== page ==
- - Tuesday, May 31, 2022

Eight years ago I drove from the Washington Times newsroom to the University of Virginia to investigate a story published by Rolling Stone that said a college fraternity gang-raped a freshman named Jackie. Upon my arrival, students told me they believed Jackie because they weren’t “rape-deniers.”

Rape deniers are people who don’t give the accuser the benefit of the doubt, they explained. Soon, a handful of journalists uncovered evidence proving Rolling Stone’s reporting was wrong, and as a result, we stopped Jackie’s false story from destroying the lives of several innocent boys.

The imminent #MeToo movement devolved into an inquisition that labeled anyone recognizing the presumption of innocence as anti-victim. Notions of due process and the right to have a trial by jury in a court of law became incidental to mob rule in the court of public opinion. A moral panic reminiscent of the Salem Witch Trials ensued. Anyone accused was treated as if they were guilty — even then-Supreme Court Justice nominee Brett M. Kavanaugh.

When the Johnny Depp trial started, many wondered why he would risk more humiliation. I told them when a person is falsely accused, they will risk almost anything to reclaim their honor and identity. That’s what innocent people do.

After hearing the evidence, I believe this is the case for Mr. Depp, whose ex-wife, Amber Heard, signed her name to a Washington Post column that said she was “sexually assaulted” and endured “our culture’s wrath” for speaking against “sexual violence.” Mr. Depp asserts that although she did not reference him by name, a reasonable person could infer her article was targeting him.

I say Ms. Heard “signed her name” because it turns out she did not write the substance of the op-ed. Attorneys representing the ACLU did — after Ms. Heard made a $3.5 million pledge and received an appointment to serve as an ambassador for women’s rights. The op-ed was published three days before Ms. Heard’s new film, “Aquaman,” was released.

It was the perfect marketing plan. On the eve of a film release, an attractive young actress starring as a superhero reveals her painful story to heroically crusade for victims while building her new profile as an activist and all for the low price of destroying the reputation of one white male. Exiled from Hollywood, Mr. Depp’s extraordinary career crumbled as he was made to feel as if he should run and hide while the ACLU hailed his accuser for her courage.

To Mr. Depp’s credit, he did not run or hide. He decided it was worth risking everything to hold his head high even if it meant more backlash. He used the Constitution’s tools of due process to finally have a fair trial in a court of law governed by the rules of civil procedure and evidence — instead of relying on the devices of rumor and suspicion in the tabloid court of public opinion.

And during this six-week trial, we learned much from the evidence.

First, Mr. Depp’s lawyers raised valid concerns that some of the photos Ms. Heard took to show how her face bruised over time appear to be same photo — just digitally edited by manipulating the coloration.

Second, in Ms. Heard’s recordings she was the pursuer during arguments, never the other way around. When Mr. Depp told Ms. Heard he was evading her to cool things off, she actually complained his running away made their problems worse. She also insulted his manhood to reengage and provoke him. This is characteristic of an aggressor, not a victim.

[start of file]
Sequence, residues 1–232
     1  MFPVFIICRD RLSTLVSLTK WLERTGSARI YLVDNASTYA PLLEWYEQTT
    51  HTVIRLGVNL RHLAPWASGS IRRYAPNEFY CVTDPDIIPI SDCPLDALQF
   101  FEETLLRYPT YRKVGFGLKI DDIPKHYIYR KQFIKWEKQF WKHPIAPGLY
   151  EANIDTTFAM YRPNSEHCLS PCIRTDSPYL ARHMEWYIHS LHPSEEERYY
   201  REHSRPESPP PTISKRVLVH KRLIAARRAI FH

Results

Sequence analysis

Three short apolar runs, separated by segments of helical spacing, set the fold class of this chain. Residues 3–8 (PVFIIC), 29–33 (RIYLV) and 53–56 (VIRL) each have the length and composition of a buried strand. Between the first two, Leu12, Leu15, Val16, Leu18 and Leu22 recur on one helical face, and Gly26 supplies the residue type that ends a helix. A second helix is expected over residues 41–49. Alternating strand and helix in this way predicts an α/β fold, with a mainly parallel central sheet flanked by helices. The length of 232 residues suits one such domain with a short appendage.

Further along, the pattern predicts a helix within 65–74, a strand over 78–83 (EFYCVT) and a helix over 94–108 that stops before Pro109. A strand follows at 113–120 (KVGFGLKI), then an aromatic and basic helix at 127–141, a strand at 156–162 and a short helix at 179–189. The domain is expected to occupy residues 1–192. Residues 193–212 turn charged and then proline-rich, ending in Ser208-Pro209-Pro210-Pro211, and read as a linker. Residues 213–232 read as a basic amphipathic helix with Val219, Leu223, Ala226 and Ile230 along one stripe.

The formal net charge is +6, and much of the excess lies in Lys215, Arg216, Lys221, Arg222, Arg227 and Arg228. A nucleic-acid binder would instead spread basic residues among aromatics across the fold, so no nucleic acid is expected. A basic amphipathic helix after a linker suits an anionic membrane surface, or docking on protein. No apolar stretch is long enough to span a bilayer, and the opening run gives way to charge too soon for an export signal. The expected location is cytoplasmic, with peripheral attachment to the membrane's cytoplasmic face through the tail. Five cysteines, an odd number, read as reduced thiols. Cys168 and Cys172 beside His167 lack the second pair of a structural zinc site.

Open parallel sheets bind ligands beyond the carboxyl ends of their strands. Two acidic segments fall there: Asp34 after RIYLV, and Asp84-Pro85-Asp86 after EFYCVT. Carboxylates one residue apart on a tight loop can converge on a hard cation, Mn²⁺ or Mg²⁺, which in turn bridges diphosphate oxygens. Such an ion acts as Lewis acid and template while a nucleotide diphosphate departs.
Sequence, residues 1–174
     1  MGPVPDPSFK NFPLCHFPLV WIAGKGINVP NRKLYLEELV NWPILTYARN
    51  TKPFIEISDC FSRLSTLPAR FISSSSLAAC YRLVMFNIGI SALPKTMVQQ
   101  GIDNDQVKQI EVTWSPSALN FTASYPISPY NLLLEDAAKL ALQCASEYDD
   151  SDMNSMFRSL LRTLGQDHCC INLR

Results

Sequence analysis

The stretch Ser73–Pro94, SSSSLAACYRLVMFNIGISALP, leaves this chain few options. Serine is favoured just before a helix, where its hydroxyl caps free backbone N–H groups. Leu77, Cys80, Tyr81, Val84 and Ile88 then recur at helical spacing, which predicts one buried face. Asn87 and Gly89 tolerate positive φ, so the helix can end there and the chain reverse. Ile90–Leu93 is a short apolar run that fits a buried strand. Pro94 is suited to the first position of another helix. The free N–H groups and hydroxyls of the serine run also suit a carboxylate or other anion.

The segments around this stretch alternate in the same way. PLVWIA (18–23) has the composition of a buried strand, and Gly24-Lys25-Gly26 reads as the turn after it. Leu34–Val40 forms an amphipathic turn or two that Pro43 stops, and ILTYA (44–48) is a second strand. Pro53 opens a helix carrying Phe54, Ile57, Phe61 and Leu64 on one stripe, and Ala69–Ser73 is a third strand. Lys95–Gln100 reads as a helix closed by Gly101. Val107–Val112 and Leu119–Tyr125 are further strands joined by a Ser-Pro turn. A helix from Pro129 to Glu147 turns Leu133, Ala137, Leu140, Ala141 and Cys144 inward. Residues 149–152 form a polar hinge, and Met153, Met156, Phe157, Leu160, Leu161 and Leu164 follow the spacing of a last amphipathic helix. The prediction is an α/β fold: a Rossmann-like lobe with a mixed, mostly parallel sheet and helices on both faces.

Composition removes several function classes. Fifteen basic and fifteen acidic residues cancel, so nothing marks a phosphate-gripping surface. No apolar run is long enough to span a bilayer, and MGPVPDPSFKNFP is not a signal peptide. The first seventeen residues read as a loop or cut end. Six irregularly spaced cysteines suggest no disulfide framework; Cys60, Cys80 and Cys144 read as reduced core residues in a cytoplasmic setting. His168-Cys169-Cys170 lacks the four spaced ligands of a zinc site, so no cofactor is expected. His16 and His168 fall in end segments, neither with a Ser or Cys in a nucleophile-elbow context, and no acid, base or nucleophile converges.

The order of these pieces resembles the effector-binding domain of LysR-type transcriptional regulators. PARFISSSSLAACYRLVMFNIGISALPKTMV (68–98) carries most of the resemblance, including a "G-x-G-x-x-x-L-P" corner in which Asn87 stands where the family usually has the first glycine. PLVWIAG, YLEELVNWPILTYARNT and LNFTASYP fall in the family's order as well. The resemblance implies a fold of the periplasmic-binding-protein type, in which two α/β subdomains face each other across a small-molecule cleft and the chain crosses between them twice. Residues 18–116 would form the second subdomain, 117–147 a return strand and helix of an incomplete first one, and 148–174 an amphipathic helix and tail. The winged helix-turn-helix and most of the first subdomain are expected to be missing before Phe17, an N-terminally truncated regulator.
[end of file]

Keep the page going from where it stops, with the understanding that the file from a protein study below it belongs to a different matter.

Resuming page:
Third, and most telling, was the absence of evidence. Despite her habit of regularly documenting arguments and her purported injuries, Ms. Heard presented no evidence to corroborate her story that Mr. Depp brutally forcefully penetrated her with a vodka bottle, making her bleed.

Mr. Depp did have a drug addiction problem and he may have acted abusively — or been pushed to a breaking point by Ms. Heard’s aggression — at times. But Ms. Heard went way beyond accusing Mr. Depp of abuse. Her article claims she was a victim of “sexual assault.” Still, her behavior after her alleged rape seems inconsistent with such trauma. Her subsequent recordings reveal no signs of anger, fear or trauma. In fact, she never even mentions it despite airing other, lesser complaints.

Both parties sounded believable when testifying. But when Ms. Heard said, “I have the right to say what happened … to own my story and my truth,” she misfired. There is no such thing as “my truth.” There is only one truth. We may never know the whole truth, as is the case with most trials. But the law requires jurors to view the totality of the evidence by the standard of a reasonable person, and there is no evidence beyond Ms. Heard’s testimony Mr. Depp sexually assaulted anyone.

During my time covering the Kobe Bryant sex assault case, I witnessed a nationwide sports culture cruelly terrorize the alleged victim. Ms. Heard has expressed understandable concerns that Mr. Depp’s fans have harassed and intimidated her. This is another unacceptable outgrowth of mob rule that must stop. No one deserves that kind of treatment.

Mr. Depp’s lawsuit took courage. He sent a message that verdicts should be adjudicated in courts of law — not public opinion. Anything less is un-American and inconsistent with the Constitution of the United States. It’s time for America to restore due process — and respect the presumption of innocence.

• Jeffrey Scott Shapiro is a former Washington prosecutor who served as a senior U.S. official from 2017-2021. He now serves on the editorial board for the Washington Times.

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